I add that pork barrelling "Riders" and "Fillibustering" are illegal down here. The first by the Constitution and the second by the "Rules of Parliment".

 

Under normal circumstances, when there is a lower House election, 1/2 of the Senators also face the electorate. Senators serve for 6 years with 1/2 of them up for re-election every 3 years. However, there are "triggers" for something quite different that cuts down on the back room dealing.

 

Let's say Obama was our PM and wanted to pass the Healthcare Bill. (Ignoring amendments just to keep it simple.) He introduces it into the Lower House where it passes. It goes to the Senate and is rejected. It's sent to the Senate again and rejected. (That's two) Now the Senators are getting worried. If the Bill is sent and rejected a third time it becomes a trigger for a "Double Dissolution".

 

This means that everybody is out and must face the electorate. All the Senate seats are up for grabs. So a Senator who is blocking an important Bill had better be sure he's right, because he's betting his job on the outcome. This encourages co-operation between the parties and the Upper and Lower House. The bottom line is that the people get to decide, they will either vote for those supporting the Bill, or those opposing it.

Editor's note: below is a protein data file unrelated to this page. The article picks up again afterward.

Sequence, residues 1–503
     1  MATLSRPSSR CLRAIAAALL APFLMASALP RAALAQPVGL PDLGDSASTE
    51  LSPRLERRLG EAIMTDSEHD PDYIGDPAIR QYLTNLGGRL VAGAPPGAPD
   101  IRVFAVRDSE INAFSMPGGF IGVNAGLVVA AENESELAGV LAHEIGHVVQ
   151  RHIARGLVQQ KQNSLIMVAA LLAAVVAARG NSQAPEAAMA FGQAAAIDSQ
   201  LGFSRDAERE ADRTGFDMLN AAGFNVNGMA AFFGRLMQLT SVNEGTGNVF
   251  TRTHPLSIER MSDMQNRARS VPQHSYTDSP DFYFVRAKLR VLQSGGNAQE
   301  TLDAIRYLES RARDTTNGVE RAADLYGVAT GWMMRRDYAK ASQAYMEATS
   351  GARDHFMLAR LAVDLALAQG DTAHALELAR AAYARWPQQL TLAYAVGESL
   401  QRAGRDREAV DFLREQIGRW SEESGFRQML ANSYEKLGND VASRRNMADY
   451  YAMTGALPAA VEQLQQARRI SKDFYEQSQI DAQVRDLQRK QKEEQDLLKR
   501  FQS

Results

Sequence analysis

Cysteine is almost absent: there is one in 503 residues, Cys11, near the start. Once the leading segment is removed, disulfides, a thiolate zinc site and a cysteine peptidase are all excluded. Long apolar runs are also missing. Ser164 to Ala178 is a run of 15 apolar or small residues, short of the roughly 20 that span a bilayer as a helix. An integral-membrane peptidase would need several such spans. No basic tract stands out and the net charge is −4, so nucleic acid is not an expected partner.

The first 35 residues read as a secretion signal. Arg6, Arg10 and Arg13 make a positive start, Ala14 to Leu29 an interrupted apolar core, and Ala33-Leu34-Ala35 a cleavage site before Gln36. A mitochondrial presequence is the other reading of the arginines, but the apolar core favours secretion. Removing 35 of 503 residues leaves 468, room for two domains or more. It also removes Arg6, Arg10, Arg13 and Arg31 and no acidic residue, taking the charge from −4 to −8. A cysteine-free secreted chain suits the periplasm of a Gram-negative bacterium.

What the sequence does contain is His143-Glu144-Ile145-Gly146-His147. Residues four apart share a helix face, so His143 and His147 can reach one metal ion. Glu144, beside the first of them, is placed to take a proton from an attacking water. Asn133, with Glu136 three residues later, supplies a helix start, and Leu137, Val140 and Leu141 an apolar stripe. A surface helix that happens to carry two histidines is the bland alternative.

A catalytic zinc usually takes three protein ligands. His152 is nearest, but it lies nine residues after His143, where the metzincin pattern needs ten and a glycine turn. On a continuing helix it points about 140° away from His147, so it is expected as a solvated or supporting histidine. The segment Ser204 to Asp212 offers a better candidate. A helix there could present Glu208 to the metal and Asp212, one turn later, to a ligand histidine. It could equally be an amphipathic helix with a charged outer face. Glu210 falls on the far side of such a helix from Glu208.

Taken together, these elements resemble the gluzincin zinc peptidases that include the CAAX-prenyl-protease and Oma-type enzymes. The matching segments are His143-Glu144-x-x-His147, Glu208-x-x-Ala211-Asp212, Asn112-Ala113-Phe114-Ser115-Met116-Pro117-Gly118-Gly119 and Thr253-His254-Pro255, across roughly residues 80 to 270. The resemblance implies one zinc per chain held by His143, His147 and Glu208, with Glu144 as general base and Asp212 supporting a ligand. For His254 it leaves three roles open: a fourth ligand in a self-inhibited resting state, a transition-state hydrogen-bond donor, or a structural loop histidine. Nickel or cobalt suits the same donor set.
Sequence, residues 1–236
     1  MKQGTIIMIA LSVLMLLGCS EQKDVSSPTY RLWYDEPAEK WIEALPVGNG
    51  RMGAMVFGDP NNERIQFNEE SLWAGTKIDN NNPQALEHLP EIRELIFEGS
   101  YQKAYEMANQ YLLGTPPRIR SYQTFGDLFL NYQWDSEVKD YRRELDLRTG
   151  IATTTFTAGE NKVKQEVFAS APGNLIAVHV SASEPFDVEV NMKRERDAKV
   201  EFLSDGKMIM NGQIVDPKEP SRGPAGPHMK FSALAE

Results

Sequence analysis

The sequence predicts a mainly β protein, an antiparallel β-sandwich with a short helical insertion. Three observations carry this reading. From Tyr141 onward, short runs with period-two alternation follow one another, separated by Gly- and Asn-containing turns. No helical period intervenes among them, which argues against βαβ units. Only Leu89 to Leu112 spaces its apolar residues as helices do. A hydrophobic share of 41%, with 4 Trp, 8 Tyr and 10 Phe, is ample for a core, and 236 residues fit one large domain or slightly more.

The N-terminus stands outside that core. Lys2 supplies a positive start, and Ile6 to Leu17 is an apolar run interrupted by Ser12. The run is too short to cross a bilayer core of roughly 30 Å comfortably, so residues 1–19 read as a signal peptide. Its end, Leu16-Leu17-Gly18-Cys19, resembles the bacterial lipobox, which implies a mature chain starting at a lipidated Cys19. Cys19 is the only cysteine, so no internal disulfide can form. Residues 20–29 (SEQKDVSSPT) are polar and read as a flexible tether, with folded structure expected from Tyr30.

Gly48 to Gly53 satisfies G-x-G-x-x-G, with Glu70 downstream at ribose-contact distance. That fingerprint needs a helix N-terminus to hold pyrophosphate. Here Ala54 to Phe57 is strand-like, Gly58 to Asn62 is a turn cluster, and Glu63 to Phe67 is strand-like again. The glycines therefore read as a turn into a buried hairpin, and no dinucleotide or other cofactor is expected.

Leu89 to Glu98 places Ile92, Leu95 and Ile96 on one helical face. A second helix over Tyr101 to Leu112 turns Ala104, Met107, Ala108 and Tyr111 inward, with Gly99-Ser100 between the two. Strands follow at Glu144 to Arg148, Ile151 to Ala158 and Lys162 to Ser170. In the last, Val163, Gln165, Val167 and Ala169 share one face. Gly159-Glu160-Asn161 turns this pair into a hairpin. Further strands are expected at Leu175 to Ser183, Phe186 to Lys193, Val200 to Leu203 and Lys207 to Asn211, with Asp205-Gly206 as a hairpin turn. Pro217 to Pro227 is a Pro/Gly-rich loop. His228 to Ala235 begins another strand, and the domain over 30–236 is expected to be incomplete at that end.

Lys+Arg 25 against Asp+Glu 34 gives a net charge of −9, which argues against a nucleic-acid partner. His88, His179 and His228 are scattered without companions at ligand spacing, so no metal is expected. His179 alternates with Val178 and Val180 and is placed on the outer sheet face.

Behind all this is the Governor General. If the Government becomes unworkable (happened once, in 1975), or a viable Government cannot be formed after an election (never happened), it's his/her job to throw everybody out and call a new election.

 

This all means that it is much harder to oppose a Bill on "Party" lines, since if you reject it 3 times it might go to the people where you will have to explain your reasons for rejecting the Bill. No good reasons? No job after the election. Partisan politics like you have is unworkable under our system, the psychology is different.